Plasma bilirubin, ALT (alanine aminotransaminase), ALP (alkaline phosphatase) and GGT (γ-glutamyl transpeptidase) were measured on a Beckman Coulter LX20 autoanalyser.

Sections of liver (4 μm) mounted on silane-coated glass slides were stained with haematoxylin and eosin and Picrosirius Red (Polysciences). Liver sections were assessed in random order by an experienced liver pathologist, who was blinded to the animal groups. Sections were assessed for METAVIR fibrosis score and the ductal proliferation score, as adapted from Miyoshi et al. [24]. The number of biliary infarcts was also documented for each field examined.

Collagen content of the liver was quantified using a hydroxyproline colorimetric assay and computerized quantification of Picrosirius Red staining, as described previously [25,26]. Picrosirius Red staining was assessed at ×100 magnification in a total of ten fields per animal, and was performed in a blinded fashion using computerized image capture (MCID; Imaging Research). Results are expressed as relative Picrosirius Red staining normalized to the sham+saline group, which was given the mean value of 1.

α-SMA (smooth muscle actin) immunohistochemistry

Immunohistochemical staining for α-SMA, a marker for activated HSCs, was performed on 4 μm sections of paraffin-embedded rat liver tissue-mounted on silane-coated glass slides. Specimens were de-waxed in histolene and dehydrated in graded ethanol, and endogenous peroxidase activity was removed by treating sections with 3% H2O2 in PBS for 20 min. Non-specific proteins were blocked with protein-blocking agent (Lipshaw-Immunon) diluted in distilled water. The primary antibody to α-SMA (monoclonal 1A4; DakoCytomation) at a dilution of 1:25 in 0.1% normal goat serum with PBS was applied and the slides were left overnight at 4 °C. The following day, sections were allowed to reach room temperature (18–22 °C) and were incubated with a biotinylated-conjugated secondary goat anti-(mouse IgG) antibody at a dilution of 1:100, followed by incubation with avidin–biotin horseradish peroxidase. Peroxidase conjugates were subsequently localized using DAB (diaminobenzidine; Sigma). The relative staining in each group was determined by computerized quantification (MCID) in a total of ten fields per animal at ×100 magnification.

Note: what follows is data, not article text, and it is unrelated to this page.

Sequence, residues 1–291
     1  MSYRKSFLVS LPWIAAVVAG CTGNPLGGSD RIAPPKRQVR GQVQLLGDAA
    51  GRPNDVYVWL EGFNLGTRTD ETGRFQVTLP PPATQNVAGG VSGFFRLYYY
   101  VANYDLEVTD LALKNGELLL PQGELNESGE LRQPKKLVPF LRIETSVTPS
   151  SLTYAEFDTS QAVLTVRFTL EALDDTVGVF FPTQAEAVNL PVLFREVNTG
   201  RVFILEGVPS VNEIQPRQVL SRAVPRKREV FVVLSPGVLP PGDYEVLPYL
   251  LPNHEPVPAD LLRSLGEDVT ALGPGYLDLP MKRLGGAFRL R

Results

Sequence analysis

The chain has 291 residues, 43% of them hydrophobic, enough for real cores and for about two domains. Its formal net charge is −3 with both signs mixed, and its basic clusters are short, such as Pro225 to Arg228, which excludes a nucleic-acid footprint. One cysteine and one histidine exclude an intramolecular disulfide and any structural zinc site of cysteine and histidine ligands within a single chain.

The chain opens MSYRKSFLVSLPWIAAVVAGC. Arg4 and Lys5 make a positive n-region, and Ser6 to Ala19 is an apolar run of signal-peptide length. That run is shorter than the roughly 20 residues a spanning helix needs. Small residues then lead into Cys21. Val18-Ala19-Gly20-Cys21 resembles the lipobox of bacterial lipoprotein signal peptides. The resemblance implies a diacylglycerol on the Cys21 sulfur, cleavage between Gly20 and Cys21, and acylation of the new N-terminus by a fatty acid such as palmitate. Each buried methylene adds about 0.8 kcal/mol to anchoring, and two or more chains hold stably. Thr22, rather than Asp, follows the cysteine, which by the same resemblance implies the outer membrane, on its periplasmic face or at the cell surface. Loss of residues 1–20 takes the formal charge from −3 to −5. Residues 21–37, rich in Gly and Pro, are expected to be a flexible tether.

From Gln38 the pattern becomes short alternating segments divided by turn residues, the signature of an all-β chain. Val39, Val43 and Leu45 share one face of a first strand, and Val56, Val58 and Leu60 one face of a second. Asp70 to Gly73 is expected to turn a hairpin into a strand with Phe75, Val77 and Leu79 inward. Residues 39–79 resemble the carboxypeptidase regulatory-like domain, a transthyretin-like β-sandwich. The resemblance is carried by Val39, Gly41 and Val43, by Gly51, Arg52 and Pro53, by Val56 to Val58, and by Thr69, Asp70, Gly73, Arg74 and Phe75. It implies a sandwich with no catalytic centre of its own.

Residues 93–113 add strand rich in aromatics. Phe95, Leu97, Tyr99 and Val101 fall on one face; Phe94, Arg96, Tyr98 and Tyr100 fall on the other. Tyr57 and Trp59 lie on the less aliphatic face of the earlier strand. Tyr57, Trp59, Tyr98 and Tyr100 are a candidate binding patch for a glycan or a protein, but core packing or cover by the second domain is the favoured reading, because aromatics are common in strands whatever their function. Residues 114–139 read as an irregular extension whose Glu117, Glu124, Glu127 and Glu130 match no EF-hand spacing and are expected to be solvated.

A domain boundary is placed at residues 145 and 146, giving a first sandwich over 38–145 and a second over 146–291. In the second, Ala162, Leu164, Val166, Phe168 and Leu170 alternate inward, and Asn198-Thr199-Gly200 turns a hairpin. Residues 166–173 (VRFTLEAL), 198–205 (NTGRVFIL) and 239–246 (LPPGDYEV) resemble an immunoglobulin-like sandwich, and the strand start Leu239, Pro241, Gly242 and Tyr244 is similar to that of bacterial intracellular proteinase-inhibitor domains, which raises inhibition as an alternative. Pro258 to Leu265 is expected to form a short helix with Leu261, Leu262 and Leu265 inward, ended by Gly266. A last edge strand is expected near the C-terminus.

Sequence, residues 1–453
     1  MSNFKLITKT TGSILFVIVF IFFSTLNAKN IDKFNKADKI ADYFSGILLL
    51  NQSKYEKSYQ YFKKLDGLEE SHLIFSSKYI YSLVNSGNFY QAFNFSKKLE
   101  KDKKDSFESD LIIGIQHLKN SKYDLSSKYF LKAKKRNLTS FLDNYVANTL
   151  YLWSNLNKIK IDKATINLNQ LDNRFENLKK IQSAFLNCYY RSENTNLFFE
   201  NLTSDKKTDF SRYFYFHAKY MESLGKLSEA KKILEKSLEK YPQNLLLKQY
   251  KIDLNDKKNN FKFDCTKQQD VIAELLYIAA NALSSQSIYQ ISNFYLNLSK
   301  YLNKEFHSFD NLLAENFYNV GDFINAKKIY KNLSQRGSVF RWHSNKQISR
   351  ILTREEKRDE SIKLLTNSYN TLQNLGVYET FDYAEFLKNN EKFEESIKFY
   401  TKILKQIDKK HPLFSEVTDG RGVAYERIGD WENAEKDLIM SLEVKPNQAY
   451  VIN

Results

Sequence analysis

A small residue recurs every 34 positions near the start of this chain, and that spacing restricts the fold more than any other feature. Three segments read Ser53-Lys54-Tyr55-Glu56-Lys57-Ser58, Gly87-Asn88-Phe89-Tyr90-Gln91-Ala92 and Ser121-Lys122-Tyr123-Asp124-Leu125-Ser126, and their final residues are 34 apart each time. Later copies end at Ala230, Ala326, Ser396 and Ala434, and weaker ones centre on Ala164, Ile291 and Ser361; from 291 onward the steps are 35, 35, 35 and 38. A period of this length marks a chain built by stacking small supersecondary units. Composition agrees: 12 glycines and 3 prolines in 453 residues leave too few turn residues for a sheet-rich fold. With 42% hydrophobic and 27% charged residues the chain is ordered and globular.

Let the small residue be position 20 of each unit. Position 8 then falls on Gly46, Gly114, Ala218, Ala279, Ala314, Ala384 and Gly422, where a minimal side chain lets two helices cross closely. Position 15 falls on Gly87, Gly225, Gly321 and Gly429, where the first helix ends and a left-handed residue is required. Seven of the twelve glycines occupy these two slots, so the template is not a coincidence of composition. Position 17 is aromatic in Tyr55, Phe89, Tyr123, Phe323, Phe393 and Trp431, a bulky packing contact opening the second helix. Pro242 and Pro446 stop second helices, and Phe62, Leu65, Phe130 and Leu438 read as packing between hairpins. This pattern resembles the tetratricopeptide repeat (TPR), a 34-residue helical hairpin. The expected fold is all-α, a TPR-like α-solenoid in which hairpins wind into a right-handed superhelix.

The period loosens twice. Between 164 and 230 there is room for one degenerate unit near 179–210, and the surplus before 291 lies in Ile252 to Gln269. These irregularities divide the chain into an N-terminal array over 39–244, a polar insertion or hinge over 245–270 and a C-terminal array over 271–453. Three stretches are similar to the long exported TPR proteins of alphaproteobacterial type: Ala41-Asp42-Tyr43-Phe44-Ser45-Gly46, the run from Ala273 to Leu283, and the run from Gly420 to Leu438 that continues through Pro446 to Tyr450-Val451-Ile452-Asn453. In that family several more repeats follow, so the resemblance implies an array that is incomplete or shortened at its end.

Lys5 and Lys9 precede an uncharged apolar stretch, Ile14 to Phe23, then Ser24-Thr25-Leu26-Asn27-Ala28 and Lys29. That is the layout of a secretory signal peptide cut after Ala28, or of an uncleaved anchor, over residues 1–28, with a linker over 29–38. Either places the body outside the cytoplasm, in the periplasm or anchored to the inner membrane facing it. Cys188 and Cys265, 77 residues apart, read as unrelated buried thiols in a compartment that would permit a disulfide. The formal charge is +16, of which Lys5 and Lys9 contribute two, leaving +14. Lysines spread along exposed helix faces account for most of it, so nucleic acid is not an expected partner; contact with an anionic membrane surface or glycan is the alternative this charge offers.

in vitro ACE autoradiography

Frozen liver sections were cut to a thickness of 20 μm using a cryostat (Microtome Cryostat HM 550; MICROM) at −20 °C, and specimens were thaw-mounted on to slides. A specific radioligand, 125I-MK351A, was used for the ACE autoradiography as described previously [16]. Semi-quantitative analysis of the binding density was performed using computerized densitometry (MCID).

Q-PCR (quantitative PCR)

Q-PCR reactions were carried out using multiplexing with amplification of both the target gene and endogenous reference gene occurring in a single well and were analysed as described previously [18]. The details of dual-fluorescent labelled oligonucleotide probes and primers are given in Supplementary Table 1 (available at

View this table:
Table 1 Characteristics of the patients and controls

*P<0.05, **P<0.01 and ***P<0.001 compared with the CHC group; †P<0.05, ††P<0.01 and †††P<0.001 compared with the control group. RR, reference range.

HSC study

HSCs were isolated from rat livers as described previously [27]. Briefly, livers from Sprague–Dawley rats (n=3) weighing 400–500 g were perfused with HBSS (Hanks balanced salt solution; Invitrogen), followed by a solution containing 150 mg of pronase and 15 mg of collagenase A (Roche Diagnostics). Livers were removed and mechanically dispersed by gently mixing with 300 mg of pronase, 30 mg of collagenase A and 10 mg of Dnase (Roche Diagnostics) made up to a total volume of 100 ml of HBSS. This mixture was agitated constantly in an incubator at 37 °C for 45 min and filtered through a 100 μm nylon mesh to remove any undigested debris. The cell suspension underwent a series of centrifugation steps before density gradient separation with Nycodenz (Sigma). The total cell yield and viability was assessed by counting the number of dead and live cells, based on Trypan Blue exclusion. Cellular purity was confirmed by staining of cytospin preparations for the typical HSC markers desmin (Dako), vimentin (Santa Cruz Biotechnology) and glial fibrillary acidic protein (Chemicon International). Purity was assessed further by typical morphological features (vitmain A autofluorescence) and was determined to be between 80 and 90%.

HSCs were cultured in M199 medium (Invitrogen), supplemented with 10% (v/v) FCS (fetal calf serum) containing 100 units/ml penicillin and 100 μg/ml streptomycin (Invitrogen). Cells were treated with vehicle (normal saline), Ang-(1–7) (1×10−9, 1×10−7 and 1×10−5 mol/l), or the Ang-(1–7) mas receptor agonist AVE 0991 (1×10−6 mol/l; generously given by Sanofi-Aventis) three times a day from 2 days post-isolation until the day of collection. An additional group was pre-treated with 1×10−6 mol/l of the mas receptor antagonist A779 (Auspep) 30 min prior to 1×10−7 mol/l Ang-(1–7).